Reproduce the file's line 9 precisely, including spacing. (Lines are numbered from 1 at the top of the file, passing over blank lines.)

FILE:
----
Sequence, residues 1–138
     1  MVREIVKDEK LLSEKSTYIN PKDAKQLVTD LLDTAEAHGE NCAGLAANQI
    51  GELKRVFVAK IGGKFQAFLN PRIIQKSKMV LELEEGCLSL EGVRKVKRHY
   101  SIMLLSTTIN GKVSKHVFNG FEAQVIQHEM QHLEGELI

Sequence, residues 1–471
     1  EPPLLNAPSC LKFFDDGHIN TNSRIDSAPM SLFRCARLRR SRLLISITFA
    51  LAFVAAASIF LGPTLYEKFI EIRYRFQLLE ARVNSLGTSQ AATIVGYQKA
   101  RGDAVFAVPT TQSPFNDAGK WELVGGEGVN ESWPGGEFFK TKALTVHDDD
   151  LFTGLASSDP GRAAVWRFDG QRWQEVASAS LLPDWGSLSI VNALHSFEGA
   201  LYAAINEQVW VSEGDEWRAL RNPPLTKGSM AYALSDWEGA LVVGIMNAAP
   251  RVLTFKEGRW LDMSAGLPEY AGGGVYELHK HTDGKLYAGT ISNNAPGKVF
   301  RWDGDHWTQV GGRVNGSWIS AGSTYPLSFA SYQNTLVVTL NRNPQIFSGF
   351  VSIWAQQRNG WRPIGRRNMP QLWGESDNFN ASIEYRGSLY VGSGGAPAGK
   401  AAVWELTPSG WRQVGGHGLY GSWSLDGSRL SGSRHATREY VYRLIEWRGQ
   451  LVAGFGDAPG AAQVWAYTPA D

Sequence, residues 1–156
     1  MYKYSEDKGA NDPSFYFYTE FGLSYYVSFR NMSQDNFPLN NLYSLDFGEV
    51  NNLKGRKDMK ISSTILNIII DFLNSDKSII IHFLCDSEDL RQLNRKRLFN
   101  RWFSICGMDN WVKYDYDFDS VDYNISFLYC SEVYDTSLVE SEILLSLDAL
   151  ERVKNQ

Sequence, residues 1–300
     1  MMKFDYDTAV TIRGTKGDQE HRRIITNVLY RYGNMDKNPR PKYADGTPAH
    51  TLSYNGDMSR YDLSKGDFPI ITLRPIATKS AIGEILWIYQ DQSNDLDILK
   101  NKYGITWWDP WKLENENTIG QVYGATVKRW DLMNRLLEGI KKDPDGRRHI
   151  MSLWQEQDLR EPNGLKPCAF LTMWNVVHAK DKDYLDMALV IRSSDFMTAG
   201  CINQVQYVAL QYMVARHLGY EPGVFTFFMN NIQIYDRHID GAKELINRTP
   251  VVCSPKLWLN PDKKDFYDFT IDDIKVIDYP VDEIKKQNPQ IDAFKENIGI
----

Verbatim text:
   151  LFTGLASSDP GRAAVWRFDG QRWQEVASAS LLPDWGSLSI VNALHSFEGA